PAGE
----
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If you love Mr g by Alan Lightman, check out these books!

Want to explore the realm of infinite possibilities? Or imagine different stories for familiar characters or different ways of being? Have a look at these books for some thought-provoking fare.
By Laurie Grassi
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Want to explore the realm of infinite possibilities? Or imagine different stories for familiar characters or different ways of being? Have a look at these books for some thought-provoking fare. 

Einstein’s Dreams, Alan Lightman, $18.
A gloriously evocative imagining of Albert Einstein’s dreams about time and relativity during his days working as a clerk in the Swiss patent office. Time stands still, moves backwards, and shifts position in these stories, and the ramifications for the characters caught up in its embrace are significant and surprising.

Invisible Cities, Italo Calvino, $20.
Marco Polo shares visions of cities he has visited with Kublai Khan, but are these dreamlike cities real, part of the storyteller’s imagination, or reminiscent of aspects of his hometown of Venice, itself a dreamlike city? And do they represent more than just the physical?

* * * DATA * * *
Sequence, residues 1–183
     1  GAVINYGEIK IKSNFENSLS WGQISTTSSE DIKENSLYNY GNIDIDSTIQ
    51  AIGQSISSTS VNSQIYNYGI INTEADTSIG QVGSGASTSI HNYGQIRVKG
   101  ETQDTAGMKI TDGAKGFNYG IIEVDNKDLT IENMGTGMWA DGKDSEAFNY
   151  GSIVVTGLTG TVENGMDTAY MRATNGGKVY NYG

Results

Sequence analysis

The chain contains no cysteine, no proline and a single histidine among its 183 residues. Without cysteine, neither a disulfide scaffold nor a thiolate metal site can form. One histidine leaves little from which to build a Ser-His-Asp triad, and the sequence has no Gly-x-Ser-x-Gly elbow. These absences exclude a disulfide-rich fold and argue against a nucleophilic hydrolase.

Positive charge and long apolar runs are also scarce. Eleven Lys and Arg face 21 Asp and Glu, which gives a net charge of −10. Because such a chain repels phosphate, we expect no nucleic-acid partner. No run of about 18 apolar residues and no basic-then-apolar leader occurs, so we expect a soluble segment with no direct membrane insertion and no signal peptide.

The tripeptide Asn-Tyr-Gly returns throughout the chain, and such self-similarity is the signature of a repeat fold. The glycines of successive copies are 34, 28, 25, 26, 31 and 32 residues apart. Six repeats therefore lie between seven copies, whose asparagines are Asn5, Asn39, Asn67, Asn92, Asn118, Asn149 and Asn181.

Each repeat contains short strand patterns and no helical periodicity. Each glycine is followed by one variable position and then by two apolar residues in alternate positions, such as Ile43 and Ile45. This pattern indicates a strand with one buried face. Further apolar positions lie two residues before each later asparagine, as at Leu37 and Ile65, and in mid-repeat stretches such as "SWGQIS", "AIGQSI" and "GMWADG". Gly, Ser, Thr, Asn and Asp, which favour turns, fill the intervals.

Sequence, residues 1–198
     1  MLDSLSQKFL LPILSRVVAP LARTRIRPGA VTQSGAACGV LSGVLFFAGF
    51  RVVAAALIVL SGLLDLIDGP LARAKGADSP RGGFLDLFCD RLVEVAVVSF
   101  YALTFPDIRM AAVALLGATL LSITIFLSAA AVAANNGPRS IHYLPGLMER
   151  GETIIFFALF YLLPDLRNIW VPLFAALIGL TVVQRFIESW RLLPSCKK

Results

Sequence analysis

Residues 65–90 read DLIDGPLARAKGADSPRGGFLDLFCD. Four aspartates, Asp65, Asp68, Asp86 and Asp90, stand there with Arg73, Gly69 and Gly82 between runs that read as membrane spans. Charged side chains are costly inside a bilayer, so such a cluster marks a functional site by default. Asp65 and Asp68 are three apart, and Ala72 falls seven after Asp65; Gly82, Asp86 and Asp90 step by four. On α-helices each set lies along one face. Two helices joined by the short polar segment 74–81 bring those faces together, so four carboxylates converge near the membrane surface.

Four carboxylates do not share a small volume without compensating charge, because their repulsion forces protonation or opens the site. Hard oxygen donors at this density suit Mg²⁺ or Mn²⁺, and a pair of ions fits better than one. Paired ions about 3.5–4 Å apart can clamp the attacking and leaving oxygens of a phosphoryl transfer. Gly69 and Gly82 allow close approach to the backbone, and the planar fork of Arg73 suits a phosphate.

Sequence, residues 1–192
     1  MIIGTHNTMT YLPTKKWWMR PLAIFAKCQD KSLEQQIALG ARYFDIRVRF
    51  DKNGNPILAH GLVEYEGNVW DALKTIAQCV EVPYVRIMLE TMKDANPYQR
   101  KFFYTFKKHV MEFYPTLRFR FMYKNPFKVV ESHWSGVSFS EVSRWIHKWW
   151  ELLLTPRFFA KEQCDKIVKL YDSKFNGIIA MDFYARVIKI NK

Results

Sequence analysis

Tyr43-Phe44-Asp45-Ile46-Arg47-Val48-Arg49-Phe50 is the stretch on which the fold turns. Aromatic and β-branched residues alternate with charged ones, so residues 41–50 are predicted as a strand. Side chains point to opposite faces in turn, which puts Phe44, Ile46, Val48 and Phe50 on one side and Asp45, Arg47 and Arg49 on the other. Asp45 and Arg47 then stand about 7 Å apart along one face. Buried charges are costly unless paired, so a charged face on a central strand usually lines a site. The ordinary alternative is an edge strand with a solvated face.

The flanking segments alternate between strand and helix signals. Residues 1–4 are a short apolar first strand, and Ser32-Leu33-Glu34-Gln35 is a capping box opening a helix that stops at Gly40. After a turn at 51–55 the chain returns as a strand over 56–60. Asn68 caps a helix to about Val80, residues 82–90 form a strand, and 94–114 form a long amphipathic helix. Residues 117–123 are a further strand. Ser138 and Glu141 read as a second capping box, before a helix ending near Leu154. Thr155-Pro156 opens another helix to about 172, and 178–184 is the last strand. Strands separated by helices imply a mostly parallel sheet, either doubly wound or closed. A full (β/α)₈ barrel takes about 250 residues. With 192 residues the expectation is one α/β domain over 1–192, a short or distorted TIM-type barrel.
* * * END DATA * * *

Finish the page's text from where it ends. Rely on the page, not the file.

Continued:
36 Arguments for the Existence of God: A Work of Fiction, Rebecca Newberger Goldstein, $17
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In this satire, a professor of psychology unwittingly becomes a celebrity when his book refuting the existence of God hits the bestseller charts.

Infinity in the Palm of Her Hand, Gioconda Belli, $18.
A tale of Adam and Eve as they embark on their journey into life outside the Garden of Eden, facing all its glories and dangers: hunger, fear and death, discovery, birth and love.

Our Lady of the Lost and Found, Diane Schoemperlen, $19.
When a lady in blue shows up in her living room and says she’s the Virgin Mary, this book’s narrator, a 40-something writer, takes her at face value. It seems the mother of God needs a break from her endeavours and would like to stay for a week. And so begins a holiday of sorts, with the two women doing everyday things like preparing dinner and grocery shopping, but all the while pondering larger life issues like forgiveness, faith and, as Schoemperlen says, “our longing to believe.”

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